Writing THAT Covering Letter

covering letter First impressions. So incredibly important.

We all know that. It’s uppermost in the minds of most of us when we are preparing for interview.

But – what if we’ve already missed that FIRST ‘first impression’ opportunity?

Don’t forget, in many cases, the all-important-but-much-maligned ‘Covering Letter’ is actually our FIRST chance to make that first impression.

If you talk to experienced interviewers, seasoned managers and recruiters; they have, in some cases, laughably crazy stories to tell of the weird and wonderful cover letters they have seen over the years. Everything from brief one-liners, or indeed a total absence, to those clearly cut-and-pasted – referring to a completely different job!

Screen Shot 2017-04-04 at 00.40.59Back in the days of paper and pen there are even more horror stories, of scribbles on torn notepaper and verbose passages written on scented, personalised notelets.

covering letterYou may think that this simply wouldn’t happen now: it’s 2017 – and with all of the supportive info/how-to blogs across the web, there’s no excuse for people to get it so wrong. You’re right of course – there is no excuse. So don’t be one of those who do.

You may not get it wrong as those described earlier did… but there are other ways of going ‘wrong’ too.


Job Interview

Your covering letter is your first communication with a prospective employer. It really is your ‘first impression’. So make it count.

  • Begin by introducing yourself; don’t be afraid to show your personality, your skills and your enthusiasm!

Studies have shown that managers hire people that fit the company culture best.

  • Next, provide two or three solid examples of your skills and experience; be sure not to undersell yourself, but also not to oversell. Be honest!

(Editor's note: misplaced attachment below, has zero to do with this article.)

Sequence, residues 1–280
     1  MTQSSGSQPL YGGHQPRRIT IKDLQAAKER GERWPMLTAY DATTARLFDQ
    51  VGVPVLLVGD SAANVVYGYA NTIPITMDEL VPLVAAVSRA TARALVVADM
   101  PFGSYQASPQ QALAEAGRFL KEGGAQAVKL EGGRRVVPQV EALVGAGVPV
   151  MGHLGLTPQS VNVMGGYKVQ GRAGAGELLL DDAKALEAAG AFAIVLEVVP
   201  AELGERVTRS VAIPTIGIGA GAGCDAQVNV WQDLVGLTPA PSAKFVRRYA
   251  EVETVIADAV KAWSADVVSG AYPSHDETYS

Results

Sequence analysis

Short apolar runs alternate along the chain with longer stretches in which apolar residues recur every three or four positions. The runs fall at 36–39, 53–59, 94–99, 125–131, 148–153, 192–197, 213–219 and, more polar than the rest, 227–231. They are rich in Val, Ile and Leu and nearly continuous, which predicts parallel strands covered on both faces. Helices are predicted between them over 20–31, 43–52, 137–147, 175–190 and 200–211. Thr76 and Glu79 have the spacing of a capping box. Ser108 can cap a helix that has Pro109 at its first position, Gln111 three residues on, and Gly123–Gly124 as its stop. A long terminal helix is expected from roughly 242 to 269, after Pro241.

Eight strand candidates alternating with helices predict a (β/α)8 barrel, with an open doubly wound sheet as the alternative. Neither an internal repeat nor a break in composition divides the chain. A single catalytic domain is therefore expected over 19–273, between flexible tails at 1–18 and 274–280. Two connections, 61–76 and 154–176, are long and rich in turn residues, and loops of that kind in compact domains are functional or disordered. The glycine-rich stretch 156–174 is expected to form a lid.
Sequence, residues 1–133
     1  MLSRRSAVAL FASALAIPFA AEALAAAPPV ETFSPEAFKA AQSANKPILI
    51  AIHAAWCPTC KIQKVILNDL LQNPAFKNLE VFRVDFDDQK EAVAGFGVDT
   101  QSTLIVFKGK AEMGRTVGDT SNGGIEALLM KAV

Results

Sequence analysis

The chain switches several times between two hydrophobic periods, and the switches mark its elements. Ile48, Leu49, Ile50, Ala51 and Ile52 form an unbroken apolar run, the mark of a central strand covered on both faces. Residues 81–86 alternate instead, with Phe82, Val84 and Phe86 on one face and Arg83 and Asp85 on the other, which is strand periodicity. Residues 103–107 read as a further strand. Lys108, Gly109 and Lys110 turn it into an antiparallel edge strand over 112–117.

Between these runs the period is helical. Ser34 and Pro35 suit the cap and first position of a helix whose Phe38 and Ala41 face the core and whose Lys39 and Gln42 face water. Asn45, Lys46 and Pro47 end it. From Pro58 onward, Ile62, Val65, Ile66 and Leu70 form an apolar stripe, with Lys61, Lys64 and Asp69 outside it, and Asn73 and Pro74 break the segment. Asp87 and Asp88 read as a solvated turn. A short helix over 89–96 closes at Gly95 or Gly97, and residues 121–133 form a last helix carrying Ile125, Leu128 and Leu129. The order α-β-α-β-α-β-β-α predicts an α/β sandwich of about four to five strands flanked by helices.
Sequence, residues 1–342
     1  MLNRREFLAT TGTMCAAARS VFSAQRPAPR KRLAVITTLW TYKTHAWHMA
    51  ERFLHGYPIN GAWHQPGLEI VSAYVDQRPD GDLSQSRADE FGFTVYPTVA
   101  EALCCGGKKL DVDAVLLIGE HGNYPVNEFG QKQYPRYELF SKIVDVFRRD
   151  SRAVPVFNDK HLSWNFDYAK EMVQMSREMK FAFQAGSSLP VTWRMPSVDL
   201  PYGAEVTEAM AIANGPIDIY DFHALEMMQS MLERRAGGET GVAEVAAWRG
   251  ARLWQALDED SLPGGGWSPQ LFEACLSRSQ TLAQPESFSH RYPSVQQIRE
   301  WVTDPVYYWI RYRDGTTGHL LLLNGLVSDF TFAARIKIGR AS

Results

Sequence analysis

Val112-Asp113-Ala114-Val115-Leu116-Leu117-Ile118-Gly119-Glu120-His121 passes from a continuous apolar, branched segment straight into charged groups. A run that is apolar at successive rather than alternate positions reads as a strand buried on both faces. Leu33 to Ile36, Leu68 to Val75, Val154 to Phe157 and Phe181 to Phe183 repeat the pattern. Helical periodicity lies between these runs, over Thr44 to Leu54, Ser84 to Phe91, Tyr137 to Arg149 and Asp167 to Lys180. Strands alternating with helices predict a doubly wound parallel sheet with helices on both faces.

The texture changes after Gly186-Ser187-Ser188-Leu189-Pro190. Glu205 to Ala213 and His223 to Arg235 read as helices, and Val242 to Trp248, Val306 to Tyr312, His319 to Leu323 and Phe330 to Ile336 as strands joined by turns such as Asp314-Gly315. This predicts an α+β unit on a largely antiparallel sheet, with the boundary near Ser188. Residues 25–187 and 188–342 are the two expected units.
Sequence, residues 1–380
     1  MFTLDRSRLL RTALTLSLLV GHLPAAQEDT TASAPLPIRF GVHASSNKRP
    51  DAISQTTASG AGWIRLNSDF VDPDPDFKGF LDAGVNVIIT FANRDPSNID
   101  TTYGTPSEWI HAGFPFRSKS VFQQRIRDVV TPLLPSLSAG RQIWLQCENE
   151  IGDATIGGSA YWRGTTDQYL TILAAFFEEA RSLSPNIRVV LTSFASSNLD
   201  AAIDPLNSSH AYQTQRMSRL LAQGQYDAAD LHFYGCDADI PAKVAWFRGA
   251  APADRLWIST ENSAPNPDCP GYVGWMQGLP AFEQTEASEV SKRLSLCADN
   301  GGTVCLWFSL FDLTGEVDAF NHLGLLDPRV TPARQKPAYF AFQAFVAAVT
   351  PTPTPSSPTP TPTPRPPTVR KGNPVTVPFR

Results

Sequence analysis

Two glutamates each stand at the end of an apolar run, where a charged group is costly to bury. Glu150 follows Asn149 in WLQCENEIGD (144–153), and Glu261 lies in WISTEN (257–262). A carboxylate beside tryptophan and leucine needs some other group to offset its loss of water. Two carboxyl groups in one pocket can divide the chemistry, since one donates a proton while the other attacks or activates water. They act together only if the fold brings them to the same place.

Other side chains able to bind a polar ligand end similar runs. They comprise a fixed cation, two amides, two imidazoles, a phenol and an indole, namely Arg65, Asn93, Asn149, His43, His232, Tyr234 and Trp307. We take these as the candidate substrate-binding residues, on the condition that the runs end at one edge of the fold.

Phrases like “I’ve never worked in advertising, but …’” show them what you haven’t done. Better to say what you have done and how it applies to this job.

  • HR managers read hundreds of applications every day, they should all mention the business/company being applied to. General phrases that are not company-specific impress no one!

Include specific facts about the company and tie them in with your skills and ambitions.

  • To make your cover letter effective, be as accurate as possible. Vague claims like “I have excellent interpersonal skills” may make the HR manager fall asleep!

Use action verbs, make yourself sound dynamic – “I implemented” “I prioritised” “I streamlined”

  • Ensure the letter is not longer than one page –  make every word count.

Always check your letter for mistakes and ideally get another person to proof-read it for you. Ensure the layout is clean and that the letter reflects you and your ambitions accurately.

Remember – a good covering letter should stand out. It should be informative, yet ideally somewhat intriguing. This is what will lead an interviewer to think ‘I want to see this person’.

Job application

Make your next covering letter your best yet!